Following on from yesterday's post, an obvious question is whether getters and setters are used for built in classes. The answer is yes, but not for all of them, and it is important to know which.
I won't post code for this, as the code is straightforward but lengthy, and is easily inspected at wonderfl where I've created this program to demonstrate it. It defines two classes, one derived from Vector3D, one derived from Bitmap. The purpose of each is to compare accessing the built-in members of the classes with members added by the derived classes.
In short, the results show that built-in members of Vector3D are as fast as member variables defined in the derived class, while the built-in members of Bitmap are over four times slower. The obvious conclusion is they use getters (and setters), and they do.
These members (x and y) are inherited from DisplayObject, a base class in ActionScript which all drawable objects in Flash are derived from. And in the documentation for this class, under 'Implementation', it states that getters and setters are used for these members.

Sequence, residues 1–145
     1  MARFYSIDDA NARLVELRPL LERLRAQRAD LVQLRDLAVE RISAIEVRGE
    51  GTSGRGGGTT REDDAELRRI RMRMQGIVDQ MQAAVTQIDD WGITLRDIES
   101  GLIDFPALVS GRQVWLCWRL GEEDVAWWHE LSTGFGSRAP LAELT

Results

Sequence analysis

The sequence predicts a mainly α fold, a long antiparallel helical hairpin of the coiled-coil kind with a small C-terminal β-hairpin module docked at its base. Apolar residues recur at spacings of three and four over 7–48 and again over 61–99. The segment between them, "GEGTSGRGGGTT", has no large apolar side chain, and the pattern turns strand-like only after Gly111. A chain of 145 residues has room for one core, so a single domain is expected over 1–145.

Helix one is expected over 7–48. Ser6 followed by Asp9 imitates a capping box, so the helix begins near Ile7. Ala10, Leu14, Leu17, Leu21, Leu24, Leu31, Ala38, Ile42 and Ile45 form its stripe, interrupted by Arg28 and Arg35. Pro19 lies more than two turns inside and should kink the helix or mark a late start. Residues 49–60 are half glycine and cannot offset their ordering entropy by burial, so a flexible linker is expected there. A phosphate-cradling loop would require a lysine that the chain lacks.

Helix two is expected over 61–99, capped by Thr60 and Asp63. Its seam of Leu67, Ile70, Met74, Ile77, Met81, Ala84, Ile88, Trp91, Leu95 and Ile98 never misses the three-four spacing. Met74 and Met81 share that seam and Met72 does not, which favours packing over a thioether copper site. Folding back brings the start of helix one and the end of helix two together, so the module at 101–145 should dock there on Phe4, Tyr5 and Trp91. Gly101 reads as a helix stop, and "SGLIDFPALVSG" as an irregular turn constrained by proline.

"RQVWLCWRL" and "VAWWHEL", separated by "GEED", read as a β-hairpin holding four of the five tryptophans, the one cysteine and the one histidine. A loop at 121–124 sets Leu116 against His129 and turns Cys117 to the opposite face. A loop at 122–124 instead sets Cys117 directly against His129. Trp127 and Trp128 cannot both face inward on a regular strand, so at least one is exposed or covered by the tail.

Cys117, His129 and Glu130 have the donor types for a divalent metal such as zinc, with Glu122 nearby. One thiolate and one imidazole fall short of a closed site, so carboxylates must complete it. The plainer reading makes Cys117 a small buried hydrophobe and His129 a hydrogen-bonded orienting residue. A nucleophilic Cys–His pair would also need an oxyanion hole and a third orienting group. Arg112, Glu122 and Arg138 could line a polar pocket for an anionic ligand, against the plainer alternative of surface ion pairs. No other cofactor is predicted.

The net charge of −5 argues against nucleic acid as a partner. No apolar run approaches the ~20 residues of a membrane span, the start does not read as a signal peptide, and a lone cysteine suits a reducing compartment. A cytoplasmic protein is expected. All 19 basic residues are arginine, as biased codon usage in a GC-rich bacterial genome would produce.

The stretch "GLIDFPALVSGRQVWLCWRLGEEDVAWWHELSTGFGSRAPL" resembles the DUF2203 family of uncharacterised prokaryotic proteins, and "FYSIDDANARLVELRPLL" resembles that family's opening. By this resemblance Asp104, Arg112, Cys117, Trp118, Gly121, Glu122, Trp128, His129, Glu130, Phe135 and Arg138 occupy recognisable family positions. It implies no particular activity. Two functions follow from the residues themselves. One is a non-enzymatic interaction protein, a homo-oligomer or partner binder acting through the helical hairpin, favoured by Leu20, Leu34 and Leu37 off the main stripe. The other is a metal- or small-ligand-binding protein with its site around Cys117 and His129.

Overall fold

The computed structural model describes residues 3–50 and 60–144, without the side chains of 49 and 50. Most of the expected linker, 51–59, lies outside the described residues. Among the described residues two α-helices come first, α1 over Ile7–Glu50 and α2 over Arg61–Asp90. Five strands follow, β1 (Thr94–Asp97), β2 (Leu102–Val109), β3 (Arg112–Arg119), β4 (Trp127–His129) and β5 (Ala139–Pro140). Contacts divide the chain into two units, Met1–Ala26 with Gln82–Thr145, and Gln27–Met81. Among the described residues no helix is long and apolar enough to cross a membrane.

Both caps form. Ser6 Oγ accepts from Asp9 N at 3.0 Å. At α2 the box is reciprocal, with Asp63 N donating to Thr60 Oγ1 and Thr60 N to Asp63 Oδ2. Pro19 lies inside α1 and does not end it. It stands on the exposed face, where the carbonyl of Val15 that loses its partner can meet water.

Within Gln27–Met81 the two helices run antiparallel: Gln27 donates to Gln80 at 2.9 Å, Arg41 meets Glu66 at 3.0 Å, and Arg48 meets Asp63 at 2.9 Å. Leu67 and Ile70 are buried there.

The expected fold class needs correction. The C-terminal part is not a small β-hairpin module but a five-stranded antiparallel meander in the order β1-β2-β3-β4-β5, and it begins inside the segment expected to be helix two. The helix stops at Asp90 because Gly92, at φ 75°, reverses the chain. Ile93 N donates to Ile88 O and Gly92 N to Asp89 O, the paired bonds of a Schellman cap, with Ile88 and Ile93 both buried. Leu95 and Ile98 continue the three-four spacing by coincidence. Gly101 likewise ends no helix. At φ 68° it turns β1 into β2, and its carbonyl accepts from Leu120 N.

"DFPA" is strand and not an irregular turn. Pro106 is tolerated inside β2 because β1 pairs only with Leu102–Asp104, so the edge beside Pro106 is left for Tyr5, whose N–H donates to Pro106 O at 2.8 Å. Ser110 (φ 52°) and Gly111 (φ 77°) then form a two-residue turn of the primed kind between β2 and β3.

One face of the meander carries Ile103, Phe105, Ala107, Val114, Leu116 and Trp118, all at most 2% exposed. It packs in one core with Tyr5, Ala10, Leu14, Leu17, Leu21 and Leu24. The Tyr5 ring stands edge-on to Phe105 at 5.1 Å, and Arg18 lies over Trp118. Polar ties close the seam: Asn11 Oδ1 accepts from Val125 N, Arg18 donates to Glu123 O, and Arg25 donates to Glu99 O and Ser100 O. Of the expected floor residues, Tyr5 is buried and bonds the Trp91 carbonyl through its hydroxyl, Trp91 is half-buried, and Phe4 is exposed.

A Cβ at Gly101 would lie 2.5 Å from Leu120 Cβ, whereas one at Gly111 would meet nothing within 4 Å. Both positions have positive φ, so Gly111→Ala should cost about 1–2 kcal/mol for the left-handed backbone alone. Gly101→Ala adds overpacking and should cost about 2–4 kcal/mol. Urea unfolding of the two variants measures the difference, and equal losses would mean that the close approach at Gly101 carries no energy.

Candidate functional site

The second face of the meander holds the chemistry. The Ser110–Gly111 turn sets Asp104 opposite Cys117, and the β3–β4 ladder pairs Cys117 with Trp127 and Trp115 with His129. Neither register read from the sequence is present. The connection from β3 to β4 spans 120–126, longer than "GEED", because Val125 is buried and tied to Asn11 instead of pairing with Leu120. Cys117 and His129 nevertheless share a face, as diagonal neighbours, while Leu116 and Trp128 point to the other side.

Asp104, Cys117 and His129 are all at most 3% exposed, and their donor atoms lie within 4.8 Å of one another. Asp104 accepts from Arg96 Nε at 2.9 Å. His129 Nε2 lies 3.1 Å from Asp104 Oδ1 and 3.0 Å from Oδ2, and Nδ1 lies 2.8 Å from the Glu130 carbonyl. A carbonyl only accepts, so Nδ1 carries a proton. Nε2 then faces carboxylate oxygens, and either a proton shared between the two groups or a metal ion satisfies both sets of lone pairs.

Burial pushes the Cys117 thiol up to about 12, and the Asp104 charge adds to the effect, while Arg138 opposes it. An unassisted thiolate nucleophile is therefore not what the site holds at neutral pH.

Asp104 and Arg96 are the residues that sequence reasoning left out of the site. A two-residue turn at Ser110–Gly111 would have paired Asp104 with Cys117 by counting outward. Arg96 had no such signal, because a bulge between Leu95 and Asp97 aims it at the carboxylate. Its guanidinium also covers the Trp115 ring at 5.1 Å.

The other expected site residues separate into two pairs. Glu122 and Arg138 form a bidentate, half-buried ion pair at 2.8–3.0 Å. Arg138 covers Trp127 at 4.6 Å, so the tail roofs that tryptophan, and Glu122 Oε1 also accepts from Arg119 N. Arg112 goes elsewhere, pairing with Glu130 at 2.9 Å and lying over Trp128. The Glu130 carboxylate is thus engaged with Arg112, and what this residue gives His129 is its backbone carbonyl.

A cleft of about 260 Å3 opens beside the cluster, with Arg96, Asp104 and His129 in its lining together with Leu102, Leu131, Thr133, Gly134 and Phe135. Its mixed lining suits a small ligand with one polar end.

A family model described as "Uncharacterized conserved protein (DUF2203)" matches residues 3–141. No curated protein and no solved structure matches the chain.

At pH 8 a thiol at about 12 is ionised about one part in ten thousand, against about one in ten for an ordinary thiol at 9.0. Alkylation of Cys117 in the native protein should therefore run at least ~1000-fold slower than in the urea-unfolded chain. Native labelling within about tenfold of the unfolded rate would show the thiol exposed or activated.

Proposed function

So if you need to store the position of a game object store it separately, in another class or in fields added to the class alongside the built-in ones. Not only will it be many times faster but more accurate (as Twips are used internally). Only access the built in members when necessary, to e.g. update them as the object is moved.
Which members use getters and setters depends on the class. The Rectangle class, for example, uses getters and setters for some Number members but not others, as described in its documentation. The best thing seems to be to assume accessing built-in members of a class is slow unless you know otherwise, based on the documentation for that class.